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GROW A ROW of fresh organic food for your LOCAL Food Bank

This initiative builds on the tradition of gardeners sharing their harvest with others. Gardeners commit to grow an extra
row or more of food for the community.

The produce is distributed to low-income families and individuals who don’t have access to fresh fruits and vegetables.

Gardeners commit to grow an extra row (or more) of food, which, when harvested, goes to families that are identified
through programs at Collingwood Neighbourhood House.


Fresh fruits and vegetables are expensive and it is hard for a family to be able to afford healthy food. Many individuals,
though wanting to garden, do not have access to space in order to cut the costs of buying the fresh vegetables.

There is more than enough food grown or distributed in this neighbourhood to make sure that no child or family should
go hungry. Planting an extra row is just one creative way in which to share food.

Anyone with a backyard garden can plant extra and contact your local Gleaners Group for help harvesting or
delivering the vegetables from your garden to your Local Food Bank.

America's Grow A Row

Grow a Row - Food Secuirty Institute

STARTING Grow A Row Campaign in Your COMMUNITY

Plant a Row • Grow a Row has a number of objectives:

* To support the continued development of a positive and lasting relationship between the community and its food banks
and soup kitchens

* To encourage our communities to plant, grow and harvest an extra row of specific vegetables for local food banks and
soup kitchens

* To ensure that the produce is delivered to the food banks at specified local drop-off locations and times

* To have the food distribution agencies weigh and record the weight of total donations to provide some measure of
* To enlist the support of master gardeners, home gardeners, garden clubs, youth groups, seniors, schools, churches,
local growers, community gardens and the media.

In each community, a committee should be formed to organize this effort. The committee needs a chairperson and a food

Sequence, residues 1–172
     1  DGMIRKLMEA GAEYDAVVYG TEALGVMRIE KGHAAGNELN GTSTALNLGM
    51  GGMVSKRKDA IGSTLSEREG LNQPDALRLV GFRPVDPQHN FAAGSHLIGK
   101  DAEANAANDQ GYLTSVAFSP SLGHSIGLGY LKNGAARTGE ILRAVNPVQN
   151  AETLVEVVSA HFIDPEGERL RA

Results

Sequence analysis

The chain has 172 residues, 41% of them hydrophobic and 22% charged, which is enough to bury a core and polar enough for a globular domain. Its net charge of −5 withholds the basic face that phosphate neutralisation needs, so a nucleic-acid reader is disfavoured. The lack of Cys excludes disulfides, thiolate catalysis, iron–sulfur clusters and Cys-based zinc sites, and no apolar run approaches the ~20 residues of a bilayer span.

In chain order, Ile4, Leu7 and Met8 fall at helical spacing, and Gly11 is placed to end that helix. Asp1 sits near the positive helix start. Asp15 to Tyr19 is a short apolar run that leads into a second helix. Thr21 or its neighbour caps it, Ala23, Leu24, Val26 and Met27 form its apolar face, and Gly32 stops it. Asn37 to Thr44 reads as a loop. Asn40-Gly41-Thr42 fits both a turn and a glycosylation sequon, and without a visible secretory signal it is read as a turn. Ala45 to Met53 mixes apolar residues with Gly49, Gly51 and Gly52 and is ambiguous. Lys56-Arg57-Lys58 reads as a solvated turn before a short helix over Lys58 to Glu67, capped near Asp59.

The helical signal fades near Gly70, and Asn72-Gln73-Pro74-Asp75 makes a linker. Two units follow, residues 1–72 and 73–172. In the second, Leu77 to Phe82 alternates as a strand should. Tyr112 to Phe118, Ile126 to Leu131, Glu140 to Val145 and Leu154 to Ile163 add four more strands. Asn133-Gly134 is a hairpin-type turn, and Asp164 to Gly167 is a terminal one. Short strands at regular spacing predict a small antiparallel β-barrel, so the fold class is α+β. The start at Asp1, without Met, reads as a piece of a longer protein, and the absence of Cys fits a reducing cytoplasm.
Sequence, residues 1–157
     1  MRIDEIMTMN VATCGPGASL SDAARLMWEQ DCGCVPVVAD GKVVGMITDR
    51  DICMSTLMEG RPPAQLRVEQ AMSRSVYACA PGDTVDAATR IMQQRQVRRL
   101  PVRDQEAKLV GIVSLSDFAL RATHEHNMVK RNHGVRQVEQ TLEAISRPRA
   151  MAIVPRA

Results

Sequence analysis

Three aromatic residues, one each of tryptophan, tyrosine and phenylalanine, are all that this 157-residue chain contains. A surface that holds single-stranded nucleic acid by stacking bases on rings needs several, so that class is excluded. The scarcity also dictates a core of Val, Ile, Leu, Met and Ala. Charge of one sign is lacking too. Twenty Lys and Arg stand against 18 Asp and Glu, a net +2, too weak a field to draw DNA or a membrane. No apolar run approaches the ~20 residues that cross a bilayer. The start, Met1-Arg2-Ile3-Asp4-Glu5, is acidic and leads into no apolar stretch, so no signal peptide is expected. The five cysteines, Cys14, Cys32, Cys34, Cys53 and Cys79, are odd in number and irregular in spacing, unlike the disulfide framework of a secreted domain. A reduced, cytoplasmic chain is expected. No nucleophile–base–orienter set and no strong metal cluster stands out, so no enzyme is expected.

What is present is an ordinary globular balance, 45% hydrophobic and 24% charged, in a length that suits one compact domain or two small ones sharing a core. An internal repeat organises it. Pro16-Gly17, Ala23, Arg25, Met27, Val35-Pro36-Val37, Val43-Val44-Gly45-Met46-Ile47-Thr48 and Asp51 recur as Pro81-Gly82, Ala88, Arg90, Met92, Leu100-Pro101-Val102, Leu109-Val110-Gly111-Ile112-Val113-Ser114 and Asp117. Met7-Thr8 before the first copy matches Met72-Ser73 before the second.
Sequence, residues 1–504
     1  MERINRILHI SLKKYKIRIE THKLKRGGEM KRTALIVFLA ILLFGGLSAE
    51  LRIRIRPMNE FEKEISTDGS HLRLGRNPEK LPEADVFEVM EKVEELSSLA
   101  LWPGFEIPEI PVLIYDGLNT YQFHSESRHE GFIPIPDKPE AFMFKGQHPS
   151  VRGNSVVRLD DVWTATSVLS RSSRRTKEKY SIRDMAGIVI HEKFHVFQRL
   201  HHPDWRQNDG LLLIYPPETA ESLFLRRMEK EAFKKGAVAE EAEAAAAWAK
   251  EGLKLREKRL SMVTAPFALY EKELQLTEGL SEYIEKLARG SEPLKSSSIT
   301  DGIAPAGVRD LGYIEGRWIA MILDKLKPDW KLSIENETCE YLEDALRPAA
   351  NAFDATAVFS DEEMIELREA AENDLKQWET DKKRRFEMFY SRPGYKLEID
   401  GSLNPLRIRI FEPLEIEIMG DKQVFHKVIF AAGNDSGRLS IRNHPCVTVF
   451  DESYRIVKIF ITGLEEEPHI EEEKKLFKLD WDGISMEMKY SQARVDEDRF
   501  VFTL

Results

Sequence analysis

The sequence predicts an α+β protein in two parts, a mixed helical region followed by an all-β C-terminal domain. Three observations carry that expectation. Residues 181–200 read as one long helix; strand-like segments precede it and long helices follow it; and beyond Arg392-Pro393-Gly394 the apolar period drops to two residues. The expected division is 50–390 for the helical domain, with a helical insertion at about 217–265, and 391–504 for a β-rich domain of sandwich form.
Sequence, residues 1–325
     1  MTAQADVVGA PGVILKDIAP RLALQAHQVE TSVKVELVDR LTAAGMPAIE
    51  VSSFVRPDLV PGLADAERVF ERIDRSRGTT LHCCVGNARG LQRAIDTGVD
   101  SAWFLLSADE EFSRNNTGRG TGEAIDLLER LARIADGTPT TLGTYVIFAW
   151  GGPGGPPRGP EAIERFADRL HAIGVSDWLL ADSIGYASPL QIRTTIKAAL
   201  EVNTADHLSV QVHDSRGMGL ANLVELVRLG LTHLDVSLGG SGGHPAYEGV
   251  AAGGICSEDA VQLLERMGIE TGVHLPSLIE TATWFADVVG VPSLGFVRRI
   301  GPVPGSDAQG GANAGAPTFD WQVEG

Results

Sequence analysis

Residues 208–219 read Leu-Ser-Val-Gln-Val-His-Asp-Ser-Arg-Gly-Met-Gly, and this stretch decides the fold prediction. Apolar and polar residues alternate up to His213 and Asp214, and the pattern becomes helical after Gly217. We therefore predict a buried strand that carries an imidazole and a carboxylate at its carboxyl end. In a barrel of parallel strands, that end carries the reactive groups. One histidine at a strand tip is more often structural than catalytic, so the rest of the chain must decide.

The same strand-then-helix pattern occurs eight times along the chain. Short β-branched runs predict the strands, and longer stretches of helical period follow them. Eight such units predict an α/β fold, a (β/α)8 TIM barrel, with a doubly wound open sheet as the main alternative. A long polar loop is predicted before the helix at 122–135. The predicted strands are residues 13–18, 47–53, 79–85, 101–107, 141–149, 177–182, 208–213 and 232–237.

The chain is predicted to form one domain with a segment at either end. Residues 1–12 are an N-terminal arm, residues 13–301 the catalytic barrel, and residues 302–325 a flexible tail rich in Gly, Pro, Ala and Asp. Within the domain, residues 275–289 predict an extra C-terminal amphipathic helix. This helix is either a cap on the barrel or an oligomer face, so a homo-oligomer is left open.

bank representative to coordinate and guide the initiative, a media person for promotion, and where possible, a master
gardener, a garden club representative, a local service club representative and, if possible, municipal representatives and
local celebrities.

The committee mandate should be to create awareness of the program, why it's needed, how to participate and where and
when to deliver the food donations. The food bank should provide guidance as to the type of fresh produce most desired
by them. Local commercial growers should also be encouraged to participate.

The campaign should have an official launch, continual promotion and reminders to bring in their food donations as well
as a closing date. It is important that the food bank, often staffed by volunteers, accept the food graciously and weigh it

When the campaign has finished for the year, a celebration should be held to give thanks to all those who participated.
Goals should also be set for next year's efforts.

Canadian Grow a Row Campaign

contains many refence materials

Edible Garden Project

More Food on Less Land:

The Joys of Square Foot Gardening

Our City Garden Grow a Row Program

New Zealand Grow a Row Programs

Compost Council of Canada

McHenry County Victory Gardens & Grow A Row

Children of Recession: Grow a Row

How Can you Help your Community

Farmers and Gardeners Can Make a Difference

Plant A Row, Grow A Row Initiative
Grow an Extra Row

Plant A Row For The Hungry - The Need Is Great

Grow a Row Gardening with a purpose

BioCycle Plant A Row, Grow A Row

Enjoy Gardening Grow A Row

Grow a Row to Share

New Year Resolutions for the Vegetable Gardener

Help us Feed the Kids - Grow a Row

Grow a Garden for the Hungry

Your Local FOOD BANK Needs You
Please help. Thank YOU!

Organic Gardening for VICTORY
Growing Without Digging; by Esther Deans
Square Foot Gardening; by Mel Bartholomew
How to Grow World Record Tomatoes; by Charles Wilber
Lasagna Gardening for Small Spaces; by Patricia Lanza
Edible Flower Garden; by Rosalind Creasy
Designing And Maintaining Your Edible Landscape Naturally; by Robert Kourik
The One-Straw Revolution: An Introduction to Natural Farming; by Masanobu Fukuoka
Mycelium Running: How Mushrooms Can Help Save the World; by Paul Stamets
Leaves of Life, Therapy Garden for People with Disabilities; by Esther Deans
Worms Eat My Garbage; by Mary Appelhof


SWAP your Books with Other People

Swap Swap Books/d
400% increase in Plant Growth

Food not Lawns
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<> Garbage in, garbage out.
Why be Sick?
eat Local Fresh Organic food


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